Introducing LaunchBar Snippets

LaunchBar 5.5 adds a new feature called “Snippets”. It’s a fast and easy way to work with often–used pieces of small text.

Now, to many power users on the Mac, snippets aren’t exactly new. They aren’t even really new to LaunchBar. “Text Clippings” could be used for much of what the new snippets do now, but that little face lift we gave them really goes a long way to making LaunchBar a serious text expansion tool.

What makes LaunchBar stand out from these other text expansion tools out there is a seamless integration with its other features:

  • Add new snippets using Instant Send or from the Clipboard History
  • Find snippets using LaunchBar’s smart abbreviation search
  • LaunchBar learns your habits
  • Quickly insert snippets using Instant Open
  • Use the Clipboard History to fill placeholders in your snippets
  • Peek into existing snippets using QuickLook

Adding Snippets

To add a new snippet, activate LaunchBar by pressing ⌘Space, select the new “Add Snippet” action, then hit Space again (or ↩). Now enter the text you often use:

add-snippet

When you hit ↩, LaunchBar creates a new snippet and selects it. To paste it to the frontmost application, hit ↩.

You can also use it like every other item in LaunchBar:

  • ⌘C to copy the snippet’s contents
  • Hit Space to view it in QuickLook
  • ⌘⇧R to rename
  • ⌥⌘A to assign an abbreviation
  • ⇧↩ to edit in your default text editor
  • ⇥ to select it for Instant Send
  • ⌘⌫ for Move to Trash
  • ⌘↩ for Show in Finder

Wait, what were those last two things? Yep, snippets are actually plain text files (.txt) in a directory on your disk. This means you can treat a snippet like you would any other file in LaunchBar. It also means that you can put any plain text file inside this directory and it gets picked up by LaunchBar as a snippet.

Because “Add Snippet” is an action that expects some text input (just like e.g. the Wikipedia search template), you can not only give it some text after hitting ↩ or Space, but also by using Instant Send:

If you want to permanently save some text from your Clipboard History as a snippet, simply select that item there, hit ⇥ and send it to the “Add Snippet” action.

Finding Snippets

Unlike with other text expansion tools, there’s no need to remember some cryptic combination of letters as a shortcut for snippets. Thanks to LaunchBar’s smart abbreviation search, snippets are found by simply typing a few letters that appear in its name. You know, just like everything else in LaunchBar.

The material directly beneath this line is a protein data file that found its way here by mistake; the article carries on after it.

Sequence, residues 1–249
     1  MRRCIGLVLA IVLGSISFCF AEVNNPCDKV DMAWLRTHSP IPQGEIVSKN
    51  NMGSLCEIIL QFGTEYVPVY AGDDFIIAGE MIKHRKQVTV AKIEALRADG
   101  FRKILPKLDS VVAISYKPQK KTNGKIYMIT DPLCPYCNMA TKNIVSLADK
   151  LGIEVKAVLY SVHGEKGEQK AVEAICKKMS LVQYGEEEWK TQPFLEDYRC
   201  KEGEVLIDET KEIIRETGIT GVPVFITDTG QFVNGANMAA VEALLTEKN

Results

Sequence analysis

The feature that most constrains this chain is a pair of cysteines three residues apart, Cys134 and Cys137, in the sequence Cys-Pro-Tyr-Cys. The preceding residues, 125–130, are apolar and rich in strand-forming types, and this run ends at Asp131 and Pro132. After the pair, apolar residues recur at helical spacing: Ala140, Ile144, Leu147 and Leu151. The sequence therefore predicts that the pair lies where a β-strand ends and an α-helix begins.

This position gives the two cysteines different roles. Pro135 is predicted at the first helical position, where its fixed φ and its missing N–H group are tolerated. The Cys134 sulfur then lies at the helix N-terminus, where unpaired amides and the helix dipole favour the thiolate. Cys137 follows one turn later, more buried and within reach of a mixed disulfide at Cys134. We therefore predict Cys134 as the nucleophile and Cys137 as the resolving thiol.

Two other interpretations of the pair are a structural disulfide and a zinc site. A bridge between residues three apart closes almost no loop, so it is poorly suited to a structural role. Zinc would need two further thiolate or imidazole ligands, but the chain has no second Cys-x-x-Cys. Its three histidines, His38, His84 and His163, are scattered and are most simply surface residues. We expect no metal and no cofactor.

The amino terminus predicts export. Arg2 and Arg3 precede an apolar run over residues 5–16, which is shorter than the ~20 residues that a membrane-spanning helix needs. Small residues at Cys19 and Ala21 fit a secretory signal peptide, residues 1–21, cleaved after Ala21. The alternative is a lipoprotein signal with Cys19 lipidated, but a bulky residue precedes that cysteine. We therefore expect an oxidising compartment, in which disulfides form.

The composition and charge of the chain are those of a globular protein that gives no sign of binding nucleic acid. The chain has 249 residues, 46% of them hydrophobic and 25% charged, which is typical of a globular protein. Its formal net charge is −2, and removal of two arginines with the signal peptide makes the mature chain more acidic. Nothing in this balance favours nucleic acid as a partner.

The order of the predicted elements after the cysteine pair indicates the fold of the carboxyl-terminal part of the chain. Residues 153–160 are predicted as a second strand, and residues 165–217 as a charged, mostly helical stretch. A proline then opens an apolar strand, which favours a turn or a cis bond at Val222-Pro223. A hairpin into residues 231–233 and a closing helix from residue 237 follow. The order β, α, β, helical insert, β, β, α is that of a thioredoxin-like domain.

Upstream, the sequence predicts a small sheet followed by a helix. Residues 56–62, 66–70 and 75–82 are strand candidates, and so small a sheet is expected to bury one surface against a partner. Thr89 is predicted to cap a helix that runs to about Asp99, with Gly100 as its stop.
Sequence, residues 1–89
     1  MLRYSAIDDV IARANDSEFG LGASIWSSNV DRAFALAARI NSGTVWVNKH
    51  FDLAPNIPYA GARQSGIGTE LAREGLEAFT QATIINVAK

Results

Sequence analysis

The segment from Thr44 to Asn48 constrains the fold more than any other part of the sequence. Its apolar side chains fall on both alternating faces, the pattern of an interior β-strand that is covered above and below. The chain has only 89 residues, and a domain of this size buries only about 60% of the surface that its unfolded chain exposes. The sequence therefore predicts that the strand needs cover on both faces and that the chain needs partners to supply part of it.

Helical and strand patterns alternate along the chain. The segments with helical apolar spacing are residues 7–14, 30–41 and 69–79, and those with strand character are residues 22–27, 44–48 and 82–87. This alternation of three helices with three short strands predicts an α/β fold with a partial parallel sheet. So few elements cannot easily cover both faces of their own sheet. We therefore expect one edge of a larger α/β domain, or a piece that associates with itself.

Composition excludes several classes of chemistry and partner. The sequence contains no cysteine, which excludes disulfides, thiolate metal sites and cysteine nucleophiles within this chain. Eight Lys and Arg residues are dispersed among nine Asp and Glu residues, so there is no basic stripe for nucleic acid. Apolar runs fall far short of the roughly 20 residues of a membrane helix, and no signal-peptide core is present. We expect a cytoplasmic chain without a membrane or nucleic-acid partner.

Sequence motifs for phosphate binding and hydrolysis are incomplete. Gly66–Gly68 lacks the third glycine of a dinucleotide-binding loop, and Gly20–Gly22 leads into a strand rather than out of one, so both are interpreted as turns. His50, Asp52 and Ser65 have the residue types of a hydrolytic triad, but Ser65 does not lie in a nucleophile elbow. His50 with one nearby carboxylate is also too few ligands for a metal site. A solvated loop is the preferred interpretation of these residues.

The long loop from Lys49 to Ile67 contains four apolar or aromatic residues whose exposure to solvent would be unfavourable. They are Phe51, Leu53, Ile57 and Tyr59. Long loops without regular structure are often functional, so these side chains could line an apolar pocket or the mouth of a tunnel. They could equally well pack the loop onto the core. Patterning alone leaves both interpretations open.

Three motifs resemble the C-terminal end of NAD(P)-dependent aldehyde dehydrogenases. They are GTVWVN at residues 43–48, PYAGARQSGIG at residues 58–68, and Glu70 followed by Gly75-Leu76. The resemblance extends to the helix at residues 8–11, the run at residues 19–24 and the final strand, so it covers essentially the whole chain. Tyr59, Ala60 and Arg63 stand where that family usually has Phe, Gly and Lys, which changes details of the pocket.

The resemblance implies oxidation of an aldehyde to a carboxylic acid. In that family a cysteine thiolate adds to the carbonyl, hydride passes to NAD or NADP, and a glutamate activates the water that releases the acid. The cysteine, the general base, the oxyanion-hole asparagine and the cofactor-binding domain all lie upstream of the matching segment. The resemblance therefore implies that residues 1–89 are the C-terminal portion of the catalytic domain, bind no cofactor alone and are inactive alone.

There’s even a new preference for activating LaunchBar with a shortcut that lists all your snippets to browse. It’s disabled by default, so head over to the “Shortcuts” tab in LaunchBar’s preferences to enable it.

snippets

You can also browse all snippets by selecting the “Snippets” indexing rule in LaunchBar and navigating into it by hitting →.

Placeholders in Snippets

By adding placeholders, you can fill in pieces in snippets that vary. When you use the snippet, the placeholders are replaced by certain values. For example:

Today is <date MMM dd> and it’s <time short>.

These two placeholders (those parts with the angle brackets) insert the current date and time, respectively. You can specify the format in which a date and time is inserted by adding format specifiers (the MMM dd part) or by using the shorthands “short”, “medium”, “long” or “full”.

The last copied text on the clipboard is <clipboard> and the two things before that are <clipboard 2> and <clipboard 3>.

These placeholders insert whatever text there is on the clipboard. Adding a number to the placeholder takes text from the clipboard history.

Hello, <first name>, nice to <|meet> you!

Upon using this snippet, the “first name” placeholder is replaced with what you’d expect (assuming “My Card” in OS X’s Contacts app is set correctly). “last name” and “full name” are also available.

The placeholder with the pipe symbol (“|”) moves the text insertion point to where the placeholder was and in this case selects “meet” so you can replace it by typing. The text after the pipe symbol is optional.

(Pro tip: if you send some text to a snippet that contains the “<|>” placeholder via Instant Send, that text is automatically inserted.)


Snippets in LaunchBar are really easy to add and to use. Inserting a placeholder here and there makes them very versatile, but it’s the combination with LaunchBar’s other features that makes them extremely powerful. We hope you like them!